HTML page has lang attribute
This rule checks that an HTML page has a non-empty
This rule applies to any document element if it is an
html element for which all the following are true:
- is in a top-level browsing context; and
- has a node document with a content type of
html elements within
object elements are not applicable as
object elements create nested browsing contexts. However, as these elements are meant to provide a layer of isolation, the declared language of their parent browsing context will likely not be inherited, making it possible for empty
lang attributes in nested browsing contexts to also cause accessibility issues.
Each test target has a
lang attribute value that is neither empty (
"") nor only ASCII whitespace.
The language of the page can be set by other methods than the
lang attribute, for example using HTTP headers or the
meta element. These methods are not supported by all assistive technologies. This rule assumes that these other methods are insufficient to satisfying Success Criterion 3.1.1: Language of Page.
There are no major accessibility support issues known for this rule.
- Understanding Success Criterion 3.1.1: Language of Page
- H57: Using language attributes on the html element
- RFC 5646: Tags for Identifying Languages
Accessibility Requirements Mapping
3.1.1 Language of Page (Level A)
- Learn more about 3.1.1 Language of Page
- Required for conformance to WCAG 2.0 and later on level A and higher.
- Outcome mapping:
failedoutcomes: success criterion is not satisfied
passedoutcomes: success criterion needs further testing
inapplicableoutcome: success criterion needs further testing
H57: Using language attributes on the html element
- Learn more about technique H57
- Not required for conformance to any W3C accessibility recommendation.
- Outcome mapping:
failedoutcomes: technique is not satisfied
passedoutcomes: technique needs further testing
inapplicableoutcome: technique needs further testing
The following aspects are required in using this rule.
Passed Example 1
html element has a
lang attribute with a non-empty (
Failed Example 1
html element does not have a
Failed Example 2
html element has a
lang attribute with an empty (
Failed Example 3
html element has a
lang attribute whose value is only ASCII whitespace.
<html lang=" "></html>
Failed Example 4
html element has no
lang attribute, only a
Inapplicable Example 1
This rule does not apply to an
Inapplicable Example 2
This rule does not apply to a
The attribute value of a content attribute set on an HTML element is the value that the attribute gets after being parsed and computed according to specifications. It may differ from the value that is actually written in the HTML code due to trimming whitespace or non-digits characters, default values, or case-insensitivity.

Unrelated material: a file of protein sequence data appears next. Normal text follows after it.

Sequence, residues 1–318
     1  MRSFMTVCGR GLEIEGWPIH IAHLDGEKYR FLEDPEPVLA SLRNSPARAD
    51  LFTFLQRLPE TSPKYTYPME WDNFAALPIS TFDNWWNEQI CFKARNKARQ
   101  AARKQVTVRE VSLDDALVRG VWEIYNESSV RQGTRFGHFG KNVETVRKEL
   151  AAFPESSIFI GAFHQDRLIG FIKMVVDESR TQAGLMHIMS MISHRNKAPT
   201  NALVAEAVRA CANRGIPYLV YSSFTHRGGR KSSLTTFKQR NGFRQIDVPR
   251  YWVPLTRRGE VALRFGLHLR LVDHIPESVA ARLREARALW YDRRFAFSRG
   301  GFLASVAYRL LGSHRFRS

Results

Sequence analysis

Some notable case of attribute value, among others:
- For enumerated attributes, the attribute value is either the state of the attribute, or the keyword that maps to it; even for the default states. Thus
<input type="image" />has an attribute value of either
Image Button(the state) or
image(the keyword mapping to it), both formulations having the same meaning; similarly, “an input element with a
typeattribute value of
Text” can be either
<input type="text" />,
<input />(missing value default), or
<input type="invalid" />(invalid value default).
- For boolean attributes, the attribute value is
truewhen the attribute is present and
<button disabled="">all have a
disabledattribute value of
- For attributes whose value is used in a case-insensitive context, the attribute value is the lowercase version of the value written in the HTML code.
- For attributes that accept numbers, the attribute value is the result of parsing the value written in the HTML code according to the rules for parsing this kind of number.
- For attributes that accept sets of tokens, whether space separated or comma separated, the attribute value is the set of tokens obtained after parsing the set and, depending on the case, converting its items to lowercase (if the set is used in a case-insensitive context).
aria-*attributes, the attribute value is computed as indicated in the WAI-ARIA specification and the HTML Accessibility API Mappings.
This list is not exhaustive, and only serves as an illustration for some of the most common cases.
The attribute value of an IDL attribute is the value returned on getting it. Note that when an IDL attribute reflects a content attribute, they have the same attribute value.
An outcome is a conclusion that comes from evaluating an ACT Rule on a test subject or one of its constituent test target. An outcome can be one of the three following types:
- Inapplicable: No part of the test subject matches the applicability
- Passed: A test target meets all expectations
- Failed: A test target does not meet all expectations
Note: A rule has one
failed outcome for every test target. When there are no test targets the rule has one
inapplicable outcome. This means that each test subject will have one or more outcomes.
Note: Implementations using the EARL10-Schema can express the outcome with the outcome property. In addition to
inapplicable, EARL 1.0 also defined an
incomplete outcome. While this cannot be the outcome of an ACT Rule when applied in its entirety, it often happens that rules are only partially evaluated. For example, when applicability was automated, but the expectations have to be evaluated manually. Such “interim” results can be expressed with the
- Proposed version, 21 June 2022 (compare)
- Latest version, 28 January 2022
This section is not part of the official rule. It is populated dynamically and not accounted for in the change history or the last modified date.